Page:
Spring is officially here and for me it is the time of the year when high river levels meet bearable water temperatures for exciting kayaking and other water sports. Enjoying our natural resources during this special time of the year helps me remember why I believe in our industry and its future. This year’s spring also brings me more optimism for great things on the horizon. I hope you share this sentiment and the feeling that we will get to see each other in the not-too distant future.

Coming this April, SESWA will host the Innovative Alternatives for Stormwater Funding Seminar online. The Seminar will provide real-world experience and information on how to make the most of the resources you have while exploring ways to increase the bottom line. In addition to the Seminar, the SESWA Board of Directors will participate in a strategic planning session. This is the second time SESWA has held a strategic planning session since its inception. With this past year’s seismic shift in our way of doing business, this process could not have come at a better time. I am so proud to be a member of an organization that is truly dedicated to meeting the needs of the whole stormwater community. Thank you all for your continued support of SESWA.

Scott Hofer
SESWA President
SESWA Seminar - Are you Registered? 

Join us as we explore Innovative Alternatives for Stormwater FundingSESWA’s 16th Annual Regional Stormwater Seminar will be held online on April 23, 2021. The demands of today's stormwater management programs require a vast amount of resources. While these programs are typically funded by stormwater fees or other citizen funds, stormwater managers are often seeking creative approaches to meet growing demands. This Seminar will give you real-world experience and information on how to make the most of the resources you have while exploring ways to increase the bottom line. Register now for the opportunity to take part in an important forum for stormwater professionals to learn about innovative stormwater practices from experts, build partnerships and share best practices. Up to five continuing education credits will be provided for the discounted member rate of $149.
Communications Sponsors
SESWA Board of Directors

Executive Committee

Scott Hofer
Jefferson County, DOH, AL

Vice President
Cory Rayburn
City of Atlanta, GA

W. Dave Canaan
Mecklenburg County, NC

Immediate Past President
Laurie Hawks
Hawks Environmental

Board Representative
Synithia Williams
Richland County, SC

To access a full listing of the SESWA Board of Directors, please click here.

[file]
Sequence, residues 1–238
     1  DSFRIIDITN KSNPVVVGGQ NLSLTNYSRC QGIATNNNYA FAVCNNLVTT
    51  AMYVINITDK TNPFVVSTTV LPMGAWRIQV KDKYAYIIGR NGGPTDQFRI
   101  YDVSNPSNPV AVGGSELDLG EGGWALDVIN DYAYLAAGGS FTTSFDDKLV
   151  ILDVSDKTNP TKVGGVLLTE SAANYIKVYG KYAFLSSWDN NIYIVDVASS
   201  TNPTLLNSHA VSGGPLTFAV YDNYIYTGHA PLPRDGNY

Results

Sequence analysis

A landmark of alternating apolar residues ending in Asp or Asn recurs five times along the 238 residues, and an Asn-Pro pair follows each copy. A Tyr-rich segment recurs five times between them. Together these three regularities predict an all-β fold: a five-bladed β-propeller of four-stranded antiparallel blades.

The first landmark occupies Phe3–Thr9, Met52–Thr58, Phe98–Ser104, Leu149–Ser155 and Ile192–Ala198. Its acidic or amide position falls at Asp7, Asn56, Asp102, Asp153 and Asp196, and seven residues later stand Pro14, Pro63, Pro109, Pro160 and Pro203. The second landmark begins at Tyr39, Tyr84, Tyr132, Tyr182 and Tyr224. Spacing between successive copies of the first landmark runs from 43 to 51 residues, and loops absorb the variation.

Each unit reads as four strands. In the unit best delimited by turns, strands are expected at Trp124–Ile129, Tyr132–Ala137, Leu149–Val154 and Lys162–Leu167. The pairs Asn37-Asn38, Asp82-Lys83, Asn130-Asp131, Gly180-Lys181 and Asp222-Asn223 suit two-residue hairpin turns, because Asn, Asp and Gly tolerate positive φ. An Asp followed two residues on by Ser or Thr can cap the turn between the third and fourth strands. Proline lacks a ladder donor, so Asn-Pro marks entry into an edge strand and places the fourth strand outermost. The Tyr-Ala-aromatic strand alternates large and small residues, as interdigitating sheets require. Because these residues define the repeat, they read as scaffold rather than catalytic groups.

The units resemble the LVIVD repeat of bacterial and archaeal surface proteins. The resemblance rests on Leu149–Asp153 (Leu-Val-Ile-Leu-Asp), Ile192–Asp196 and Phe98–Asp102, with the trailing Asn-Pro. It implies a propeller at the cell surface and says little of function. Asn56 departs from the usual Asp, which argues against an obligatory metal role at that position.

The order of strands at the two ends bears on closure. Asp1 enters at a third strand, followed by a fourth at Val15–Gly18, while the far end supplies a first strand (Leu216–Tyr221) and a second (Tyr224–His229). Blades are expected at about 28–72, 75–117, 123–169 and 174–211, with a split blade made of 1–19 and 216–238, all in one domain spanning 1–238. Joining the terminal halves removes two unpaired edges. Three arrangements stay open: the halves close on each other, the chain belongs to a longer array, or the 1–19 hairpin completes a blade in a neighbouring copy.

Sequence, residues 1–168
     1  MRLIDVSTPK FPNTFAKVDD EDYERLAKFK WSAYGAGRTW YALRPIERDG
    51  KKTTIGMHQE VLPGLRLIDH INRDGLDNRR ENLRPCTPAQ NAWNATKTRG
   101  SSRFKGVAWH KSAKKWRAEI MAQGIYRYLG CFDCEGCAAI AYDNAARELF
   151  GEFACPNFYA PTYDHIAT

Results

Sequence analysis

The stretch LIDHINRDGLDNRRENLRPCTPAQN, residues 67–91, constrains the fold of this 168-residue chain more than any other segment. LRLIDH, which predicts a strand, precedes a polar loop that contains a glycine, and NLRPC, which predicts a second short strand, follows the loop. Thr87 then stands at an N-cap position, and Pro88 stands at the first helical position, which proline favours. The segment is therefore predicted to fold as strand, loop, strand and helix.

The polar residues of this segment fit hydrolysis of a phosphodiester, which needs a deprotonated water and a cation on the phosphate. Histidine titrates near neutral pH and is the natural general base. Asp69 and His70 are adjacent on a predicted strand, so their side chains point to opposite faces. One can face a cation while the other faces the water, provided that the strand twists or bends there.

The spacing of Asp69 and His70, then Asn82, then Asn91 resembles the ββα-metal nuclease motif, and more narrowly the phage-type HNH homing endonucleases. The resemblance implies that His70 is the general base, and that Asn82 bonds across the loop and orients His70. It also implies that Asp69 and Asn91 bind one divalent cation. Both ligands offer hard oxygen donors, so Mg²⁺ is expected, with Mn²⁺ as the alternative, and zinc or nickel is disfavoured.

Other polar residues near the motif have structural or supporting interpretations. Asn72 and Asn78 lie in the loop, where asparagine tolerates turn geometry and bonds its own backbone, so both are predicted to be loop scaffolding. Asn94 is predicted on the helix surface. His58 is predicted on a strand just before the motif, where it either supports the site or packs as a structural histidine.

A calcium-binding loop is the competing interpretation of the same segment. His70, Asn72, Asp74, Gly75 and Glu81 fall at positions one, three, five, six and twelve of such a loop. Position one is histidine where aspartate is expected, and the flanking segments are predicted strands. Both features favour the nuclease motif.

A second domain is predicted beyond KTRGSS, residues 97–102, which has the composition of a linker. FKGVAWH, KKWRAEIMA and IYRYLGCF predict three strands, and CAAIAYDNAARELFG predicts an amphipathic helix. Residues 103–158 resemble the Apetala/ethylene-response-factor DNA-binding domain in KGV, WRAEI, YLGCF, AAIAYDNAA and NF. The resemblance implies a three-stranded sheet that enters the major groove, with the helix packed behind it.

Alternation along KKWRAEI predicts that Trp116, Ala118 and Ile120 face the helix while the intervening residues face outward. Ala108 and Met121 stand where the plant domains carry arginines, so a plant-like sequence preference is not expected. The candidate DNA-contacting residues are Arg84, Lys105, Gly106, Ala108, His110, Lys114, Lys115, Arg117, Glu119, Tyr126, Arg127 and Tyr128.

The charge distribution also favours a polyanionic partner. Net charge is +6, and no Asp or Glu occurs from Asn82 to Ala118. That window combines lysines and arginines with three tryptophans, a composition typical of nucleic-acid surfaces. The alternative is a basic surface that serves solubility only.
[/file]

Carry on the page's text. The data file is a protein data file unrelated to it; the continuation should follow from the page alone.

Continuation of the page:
2021 Stormwater Utility Report - Arrives in April!

SESWA conducts a survey of stormwater utilities practices and trends throughout the Southeast and publishes a Final Report on the results every two years. Data collection for the 2021 survey is complete and the new report is under construction. The Report provides easy access to questions concerning rates, structure, billing methods, and many other policies and practices in stormwater utilities throughout the Southeast. Information contained in the Report is widely used by local stormwater managers and state policy makers throughout Region 4. Watch your mailboxes, the primary contact for each SESWA member organization will receive a free Report soon! Additional copies will be available on the SESWA website, Member login will be required.
SESWA Spotlight Webinar - Integrated Stormwater Planning

Register today for the May 12th SESWA State Spotlight Webinar Integrated Stormwater Planning - Stormwater as a Resource. One hour of continuing education is available for the discount member rate of $35. Traditionally, stormwater planning has been done from the perspective that stormwater should be managed as waste that must be treated before being released to the environment. This presentation will explore a shift in perspective that all water is valuable and should be managed as a resource for the benefit of our environment, society, and economy. The City of Winter Haven, like many Florida communities, faces many challenges including rapid population growth, land use change, scarcity of traditional fresh groundwater supplies, escalating water supply costs, impaired water quality and levels, and impacted watershed hydrology. This webinar will focus on how a small local government like Winter Haven, FL is using integrated planning at a watershed scale to plan beneficial use of stormwater while meeting treatment goals. Register Today!
16th Annual Regional Stormwater Conference - Save the Date!

Make plans to participate in the best-of-the-best in regional stormwater education this year! The 16th Annual Regional Stormwater Conference will be held October 6-8, 2021. The conference will feature an agenda developed by your peers, access to continuing education, networking opportunities with other stormwater professionals, great keynote and breakout speakers, and much more. We are closely monitoring COVID protocols and will make a final decision on location (Hilton Head, SC vs. Online) by May. Watch your inbox for registration details.

If you’d like to contribute to the agenda, it’s not too late – the deadline to submit a presentation is today, March 31, 2021.
SESWA Job Board - Post Jobs and Resumes!